6. Make sure you have an input in the translation quality assurance process

Translation agencies have their own quality assurance processes, which ensure that the output of a project is up to a certain standard. Generally, they have a team of translators and proof-readers who supervise the work done by others. They carefully go through the different points of the translation brief and make sure that all requirements are met. I strongly recommend that brands contribute to their own translation quality process for one simple reason. There is no one more expert in your product than yourself. One of my suggestions is to develop your own translation quality assurance checklist so that translators can go through this list before submitting their work. The best way to approach this document is to follow these steps:

  1. Analyse previous translations and note down all errors
  2. Sort out these pitfalls in different categories (e.g. format or grammar)
  3. Create a document with a list of elements to be checked before submitting a translation
  4. Always provide clear examples of where the error is and how to avoid it

7. Hire in-house and native translation professionals to supervise your brand localisation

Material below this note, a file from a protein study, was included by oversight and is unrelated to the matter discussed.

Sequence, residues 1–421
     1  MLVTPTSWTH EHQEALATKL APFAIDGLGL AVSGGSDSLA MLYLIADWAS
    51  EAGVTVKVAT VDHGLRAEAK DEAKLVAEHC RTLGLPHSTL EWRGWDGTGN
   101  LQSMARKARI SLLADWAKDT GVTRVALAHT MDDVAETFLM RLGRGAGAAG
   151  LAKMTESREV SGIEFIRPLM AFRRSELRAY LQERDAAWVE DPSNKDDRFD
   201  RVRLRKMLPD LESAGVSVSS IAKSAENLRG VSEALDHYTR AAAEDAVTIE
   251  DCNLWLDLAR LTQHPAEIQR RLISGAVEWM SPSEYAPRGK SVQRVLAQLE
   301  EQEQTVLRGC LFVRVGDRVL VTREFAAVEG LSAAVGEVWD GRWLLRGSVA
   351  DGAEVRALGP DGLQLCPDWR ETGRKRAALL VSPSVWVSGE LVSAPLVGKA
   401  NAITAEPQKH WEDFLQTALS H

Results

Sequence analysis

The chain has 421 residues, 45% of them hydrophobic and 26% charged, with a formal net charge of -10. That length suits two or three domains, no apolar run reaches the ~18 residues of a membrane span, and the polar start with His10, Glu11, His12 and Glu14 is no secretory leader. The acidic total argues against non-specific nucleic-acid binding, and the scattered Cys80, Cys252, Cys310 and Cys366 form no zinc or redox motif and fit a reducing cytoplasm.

Brand localisation is a complex subject that requires a vast array of language, culture, IT and marketing skills. Personally, I highly recommend hiring specialised translation professionals to supervise the work done by agencies. One of the key advantages of hiring native in-house translators is that they can assess the quality of the final output. I have numerous reasons to think this is the best approach to excel in your localisation strategy. I will name just a few. For example, they can manage the localisation process internally and work hand-in-hand with the translation agency to develop a comprehensive translation brief with all the necessary instructions for the translators. They can also check whether the values or the tone of voice of the brand are reflected in the target text. If something important is missing, they will be able to highlight it. They can easily identify whether cultural references have been captured in the new text. Last, but not least, they have the language and translation skills to assess whether the output is up to a certain standard. If something is not good enough they can go back to the translation agency and ask them to make amendments.

Have you been involved in the internationalisation of a brand and the project did not as well as expected? Please share your stories in the comments section.

About me | I am an all-round international communication and marketing professional with expertise in translation, localisation, copywriting and content management, among other things. I help organisations to communicate effectively across languages and cultures. If there is anything I can help you with please do not hesitate to contact me.